Journal of Economics and Sustainable Development www.iiste.orgISSN 2222-1700 (Paper) ISSN 2222-2855 (Online)Vol.3, No.5, 2012Table 1. Detailed description and summary statistics of major variables Variables Description Obs Mean S.D Terracing 1 if stone terraces are available, 0 otherwise 489 Parcel size Parcel size (ha) 489 0.37 0.259 Slope: Flat 1 for flat slope, 0 otherwise 489 0.313 0.464 Gentle 1 for gentle slope, 0 otherwise 489 0.410 0.492 Steep 1 for steep slope, 0 otherwise 489 0.239 0.427 V. steep 1 for very steep slope, 0 otherwise 489 0.039 0.193 Fertil. level: Poor 1 for poor fertility, 0 otherwise 489 0.438 0.497 Medium 1 for medium fertility, 0 otherwise 489 0.213 0.410 Good 1 for good fertility, 0 otherwise 489 0.349 0.477 Farm distance Home-farm distance in kilometre 489 2.06 2.033 Land size Total land holding (ha) 211 0.84 0.466 Livestock holding Livestock in Tropical Livestock Unit (TLU) 211 3.26 2.187 Farm equipment Value of farm equipments (Br) 211 192.2 120.0 Fragm.(SI index) Land fragmentation in Simpson Index (SI)* 211 0.48 0.226 Prop. of t’chat Proportion of earnings from t’chat (Br) 489 0.25 0.247 Extension 1 if extension contact, 0 otherwise 211 0.569 0.496 Membership to org. 1 if member of organization, 0 otherwise 211 0.332 0.472 Trainings 1 if attended trainings within 5 years, 0 otherwise 211 0.251 0.435 Land ownership 1 if owned, 0 if rented-/shared-in 489 0.914 0.280 Age Age of the household head (years) 211 40.8 9.96 Sex 1 if a household is male-headed, 0 otherwise 211 0.877 0.329 Educ: no formal ed. 1 if no formal education, 0 otherwise 211 0.360 0.481 Primary 1 if primary level of education, 0 otherwise 211 0.450 0.499 Secondary 1 if secondary level of education, 0 otherwise 211 0.190 0.393 Adult equiv. Family size in adult equivalents 211 4.47 1.743 Dependency ratio ‘dependents’ (0-14 & 64+) to ‘active’ members (15-64) 211 1.32 0.768 Female prop. Proportion of female members in the family 211 0.46 0.127 Market dist. Distance to the nearest market in kilometres 211 6.57 4.431 Off-/non-farm 1 if involved in off-/non-farm activ., 0 otherwise 211 0.332 0.472 Districts: Metta 1 if Metta district, 0 otherwise 211 0.304 0.021 Goro-gutu 1 if Goro-gutu district, 0 otherwise 211 0.355 0.480 Tullo 1 if Tullo district, 0 otherwise 211 0.341 0.475* Simpson Index (SI) is computed as where Ai is area of ith parcel and n is number ofparcels; SI lies between zero and one; and a higher SI means a higher degree of fragmentation. 16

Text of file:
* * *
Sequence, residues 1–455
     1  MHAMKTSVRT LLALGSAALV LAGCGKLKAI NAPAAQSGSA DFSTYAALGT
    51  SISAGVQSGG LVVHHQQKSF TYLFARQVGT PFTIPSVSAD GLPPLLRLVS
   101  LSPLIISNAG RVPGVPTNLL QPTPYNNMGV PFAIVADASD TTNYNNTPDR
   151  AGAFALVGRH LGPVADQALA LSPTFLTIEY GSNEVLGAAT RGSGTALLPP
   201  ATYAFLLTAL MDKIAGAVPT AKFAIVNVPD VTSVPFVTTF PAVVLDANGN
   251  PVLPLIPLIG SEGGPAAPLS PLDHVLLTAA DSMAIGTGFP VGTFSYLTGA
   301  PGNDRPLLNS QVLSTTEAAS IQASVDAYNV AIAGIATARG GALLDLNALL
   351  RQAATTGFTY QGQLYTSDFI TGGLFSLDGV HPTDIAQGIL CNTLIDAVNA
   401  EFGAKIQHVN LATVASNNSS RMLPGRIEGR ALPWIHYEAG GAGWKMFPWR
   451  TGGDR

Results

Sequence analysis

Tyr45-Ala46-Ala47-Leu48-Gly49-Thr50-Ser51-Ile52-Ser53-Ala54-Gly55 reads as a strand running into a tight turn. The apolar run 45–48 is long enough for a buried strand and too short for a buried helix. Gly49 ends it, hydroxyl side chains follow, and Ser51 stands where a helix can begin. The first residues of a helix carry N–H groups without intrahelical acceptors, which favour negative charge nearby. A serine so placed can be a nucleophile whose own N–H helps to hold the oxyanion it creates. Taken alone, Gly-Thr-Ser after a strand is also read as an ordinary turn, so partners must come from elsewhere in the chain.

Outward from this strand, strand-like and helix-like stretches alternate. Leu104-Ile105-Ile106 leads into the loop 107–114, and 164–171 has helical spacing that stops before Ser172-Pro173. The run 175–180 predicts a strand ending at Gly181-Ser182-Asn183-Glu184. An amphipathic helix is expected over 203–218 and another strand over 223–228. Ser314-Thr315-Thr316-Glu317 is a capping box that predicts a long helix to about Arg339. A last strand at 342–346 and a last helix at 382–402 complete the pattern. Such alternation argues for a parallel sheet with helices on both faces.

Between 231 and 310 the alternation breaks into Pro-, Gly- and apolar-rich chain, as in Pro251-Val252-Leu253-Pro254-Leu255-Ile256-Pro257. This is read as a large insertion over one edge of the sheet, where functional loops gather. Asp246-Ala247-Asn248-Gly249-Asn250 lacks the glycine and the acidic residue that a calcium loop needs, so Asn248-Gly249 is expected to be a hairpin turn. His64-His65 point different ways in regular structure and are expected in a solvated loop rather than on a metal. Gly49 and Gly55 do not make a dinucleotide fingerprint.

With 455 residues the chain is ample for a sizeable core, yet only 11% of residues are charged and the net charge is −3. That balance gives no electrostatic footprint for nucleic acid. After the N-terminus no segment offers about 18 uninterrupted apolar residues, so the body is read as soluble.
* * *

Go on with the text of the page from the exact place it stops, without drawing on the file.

Journal of Economics and Sustainable Development www.iiste.orgISSN 2222-1700 (Paper) ISSN 2222-2855 (Online)Vol.3, No.5, 2012Table 2. Estimates of Cragg’s double-hurdle model for adoption of terraces and its labour use intensity adoption model Labor intensity modelVariables (pobit) (Truncated) Coef. S.E. Coef. S.E.Parcel size 0.481* 0.275 2.055* 1.155Slope (cf. flat) Gentle 0.529*** 0.154 3.643*** 1.241 Steep 0.866*** 0.191 5.381*** 1.325 Very steep 1.176*** 0.381 8.431*** 2.113Fertility level (cf. poor) Good -0.612*** 0.150 -4.594*** 1.154 Medium -0.703*** 0.191 -4.306*** 1.315Farm distance -0.081** 0.035 -0.312 0.341Land holding 0.075 0.176 -2.582** 1.206Livestock holding (TLU) -0.017 0.040 -0.081 0.333Farm equipments 0.001 0.001 0.015*** 0.005Land fragmentation (SI index) -0.250* 0.137 -2.055 3.196Proportion of t’chat 0.817*** 0.303 4.845* 2.766Extension 0.355* 0.189 0.815 1.568Organization member -0.277* 0.163 -2.205 1.544Trainings 0.608*** 0.161 3.469** 1.576Land ownership 0.411* 0.235 3.028* 1.684Age 0.020** 0.009 0.161** 0.068Gender 0.076 0.260 1.567 1.751Level of educ. (cf. no formal educ.) Primary 0.250 0.171 2.532* 1.548 Secondary 0.562** 0.233 3.015* 1.711Adult equivalent -0.059 0.040 -0.336 0.362Dependency ratio 0.039 0.093 -0.056 0.778Proportion of female -0.866* 0.530 -8.026* 4.407Market distance 0.031* 0.0167 0.109 0.134Off-/non-farm activities 0.355** 0.158 2.412* 1.247District (cf. Metta) Goro-gutu -0.098 0.171 -0.081 1.641 Tullo -0.074 0.181 -0.068 1.572Constant -2.869*** 0.736 -15.352*** 5.816No. of observations 489 253Chi-square 104.50*** 57.32***Log likelihood -268.209 -699.805Sigma 5.114***Notes: ***, **, and * indicate significance at 1%, 5%, and 10% levels, respectively. 17